It’s easy to forget, but 2011 was a year that brought us a true hoard of actual grails – Concord 11s, Royal Foams, Ray Allen 13s, Kennedy 999s, Doernbecher 4s, both Cement 3s and the first ever MAG retro. Oddly enough, the one shoe that proved to push the needle for the entire decade was the Banned 1s.
Since the launch, the Air Jordan 1 has defined street fashion and sneaker culture, recreating the coveted chase and making nicknames and their accompanying stories common knowledge.
At the time of release, it felt like the intention of the “Banned” 1s was to create more traffic and interest to the Nike Factory Stores. The Swoosh had plenty of discounted products to move and even in a pre-SNKRS world there was much talk of Nike moving to more direct-to-consumer sales.
Oddly enough, the unorthodox launch of the “Banned” 1s signaled something much different happening. By quickly reversing the stigma on the Air Jordan 1, aftermarket hype soon created a colossal clout that in turn made discounted products entirely undesirable to the new crop of sneakerheads. Novice shoe shoppers were no longer hitting sale racks to build up their collections, instead they were chasing hype for a chance at instant inflation.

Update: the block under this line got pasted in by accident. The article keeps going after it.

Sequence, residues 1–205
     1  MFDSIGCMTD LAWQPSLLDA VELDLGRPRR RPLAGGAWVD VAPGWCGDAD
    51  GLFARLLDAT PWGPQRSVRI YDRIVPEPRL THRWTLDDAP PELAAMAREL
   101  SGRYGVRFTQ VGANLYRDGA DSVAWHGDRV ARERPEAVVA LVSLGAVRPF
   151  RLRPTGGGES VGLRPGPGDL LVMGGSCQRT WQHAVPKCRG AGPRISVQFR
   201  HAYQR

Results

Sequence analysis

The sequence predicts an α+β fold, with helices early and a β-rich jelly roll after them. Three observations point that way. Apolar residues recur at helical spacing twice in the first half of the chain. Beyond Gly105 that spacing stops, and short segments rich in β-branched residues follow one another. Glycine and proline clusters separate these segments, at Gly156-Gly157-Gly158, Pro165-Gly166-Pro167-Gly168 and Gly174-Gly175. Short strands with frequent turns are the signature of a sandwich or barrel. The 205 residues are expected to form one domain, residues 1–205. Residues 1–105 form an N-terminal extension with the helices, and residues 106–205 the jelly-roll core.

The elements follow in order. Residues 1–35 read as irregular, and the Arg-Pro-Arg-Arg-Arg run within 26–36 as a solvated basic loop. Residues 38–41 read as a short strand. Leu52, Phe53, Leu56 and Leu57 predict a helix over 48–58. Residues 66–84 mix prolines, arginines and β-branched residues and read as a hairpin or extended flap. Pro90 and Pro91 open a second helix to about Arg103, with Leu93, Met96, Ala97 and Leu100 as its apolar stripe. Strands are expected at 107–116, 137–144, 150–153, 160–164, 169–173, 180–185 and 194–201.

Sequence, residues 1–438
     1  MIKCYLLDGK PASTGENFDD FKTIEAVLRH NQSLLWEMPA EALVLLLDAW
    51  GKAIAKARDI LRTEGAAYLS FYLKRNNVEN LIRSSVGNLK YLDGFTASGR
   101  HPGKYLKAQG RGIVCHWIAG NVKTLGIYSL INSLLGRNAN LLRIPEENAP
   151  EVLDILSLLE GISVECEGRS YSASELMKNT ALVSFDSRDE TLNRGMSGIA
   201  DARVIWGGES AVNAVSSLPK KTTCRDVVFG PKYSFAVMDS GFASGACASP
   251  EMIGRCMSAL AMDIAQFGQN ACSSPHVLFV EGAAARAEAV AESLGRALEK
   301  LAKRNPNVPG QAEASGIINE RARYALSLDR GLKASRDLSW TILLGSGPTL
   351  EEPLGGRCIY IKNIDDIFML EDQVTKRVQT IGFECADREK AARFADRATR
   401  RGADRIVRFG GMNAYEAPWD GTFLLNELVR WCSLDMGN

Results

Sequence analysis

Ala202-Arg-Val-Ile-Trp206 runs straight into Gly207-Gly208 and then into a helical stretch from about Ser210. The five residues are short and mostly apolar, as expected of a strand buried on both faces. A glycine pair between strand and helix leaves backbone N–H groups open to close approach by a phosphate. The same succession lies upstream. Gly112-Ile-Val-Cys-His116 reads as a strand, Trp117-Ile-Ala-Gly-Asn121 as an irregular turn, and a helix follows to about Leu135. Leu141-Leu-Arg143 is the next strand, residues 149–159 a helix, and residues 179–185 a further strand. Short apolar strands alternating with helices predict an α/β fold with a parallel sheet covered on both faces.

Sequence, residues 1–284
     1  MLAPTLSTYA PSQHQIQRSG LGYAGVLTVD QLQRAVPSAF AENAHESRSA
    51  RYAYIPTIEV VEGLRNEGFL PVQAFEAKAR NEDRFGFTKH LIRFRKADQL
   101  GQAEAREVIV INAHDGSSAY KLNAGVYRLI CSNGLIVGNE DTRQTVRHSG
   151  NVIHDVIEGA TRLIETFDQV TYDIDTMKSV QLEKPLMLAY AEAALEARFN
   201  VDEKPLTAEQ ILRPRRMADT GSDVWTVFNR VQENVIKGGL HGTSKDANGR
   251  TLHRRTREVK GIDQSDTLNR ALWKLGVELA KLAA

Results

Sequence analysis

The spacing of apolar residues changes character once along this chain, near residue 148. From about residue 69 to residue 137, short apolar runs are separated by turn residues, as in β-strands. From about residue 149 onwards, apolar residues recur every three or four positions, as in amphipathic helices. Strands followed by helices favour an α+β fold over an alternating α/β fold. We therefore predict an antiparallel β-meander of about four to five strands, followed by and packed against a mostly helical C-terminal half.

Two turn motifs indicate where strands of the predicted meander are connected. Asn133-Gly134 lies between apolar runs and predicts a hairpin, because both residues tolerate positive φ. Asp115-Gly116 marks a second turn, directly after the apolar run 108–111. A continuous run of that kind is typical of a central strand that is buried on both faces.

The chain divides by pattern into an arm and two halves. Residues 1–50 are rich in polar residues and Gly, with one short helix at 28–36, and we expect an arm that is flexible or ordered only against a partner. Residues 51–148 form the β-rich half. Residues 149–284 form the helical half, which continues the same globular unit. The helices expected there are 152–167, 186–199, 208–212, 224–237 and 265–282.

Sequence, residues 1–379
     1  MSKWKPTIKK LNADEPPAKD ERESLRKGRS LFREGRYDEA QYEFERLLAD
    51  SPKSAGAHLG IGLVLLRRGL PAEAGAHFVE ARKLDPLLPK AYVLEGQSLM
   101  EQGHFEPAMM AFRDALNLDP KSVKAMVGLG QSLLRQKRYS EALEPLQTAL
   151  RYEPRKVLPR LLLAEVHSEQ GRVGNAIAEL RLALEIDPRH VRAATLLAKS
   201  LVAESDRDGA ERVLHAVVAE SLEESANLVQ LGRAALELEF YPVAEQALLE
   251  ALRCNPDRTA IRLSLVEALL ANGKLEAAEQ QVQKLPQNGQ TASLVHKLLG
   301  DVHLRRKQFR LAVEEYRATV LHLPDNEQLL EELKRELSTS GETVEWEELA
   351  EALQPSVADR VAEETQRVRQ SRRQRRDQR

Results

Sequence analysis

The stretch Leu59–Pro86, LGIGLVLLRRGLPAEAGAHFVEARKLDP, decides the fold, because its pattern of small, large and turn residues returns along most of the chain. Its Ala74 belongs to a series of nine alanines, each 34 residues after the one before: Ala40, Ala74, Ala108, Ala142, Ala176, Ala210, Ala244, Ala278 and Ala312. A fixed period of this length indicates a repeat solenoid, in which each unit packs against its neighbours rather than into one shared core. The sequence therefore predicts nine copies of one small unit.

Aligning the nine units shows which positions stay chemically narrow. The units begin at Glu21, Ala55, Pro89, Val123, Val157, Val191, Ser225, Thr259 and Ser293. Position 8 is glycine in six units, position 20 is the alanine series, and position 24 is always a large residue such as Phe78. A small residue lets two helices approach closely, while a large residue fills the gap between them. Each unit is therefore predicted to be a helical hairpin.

On the other hand, maybe the “Banned” 1 experiment was exactly what the expanding sneaker culture needed right at its tipping point. As new tools and new consumers multiplied the market, Nike was able to resurrect the model that truly started it all. Suddenly, lifelong collectors and newbies were united in their interest amongst the most storied shoe in sneaker history and one with universal wearability.
It all shifted in 2011 and it all started with the “Banned” 1s.
Air Jordan 1 “Banned” campout – Photo by Clyde Edwards
Air Jordan 1 60+ Pack
Air Jordan 1 “Banned” preview – Photo by Fat Joe
Air Jordan 1 “Banned” Campout – photo by Clyde Edwards
Air Jordan 1 “Color Pack” Red – Photo by ltd
Kanye West wearing the ‘01 Air Jordan 1 Black/Red in 2011 — photo by Stuart C. Wilson/Getty Images
Photo by Clyde Edwards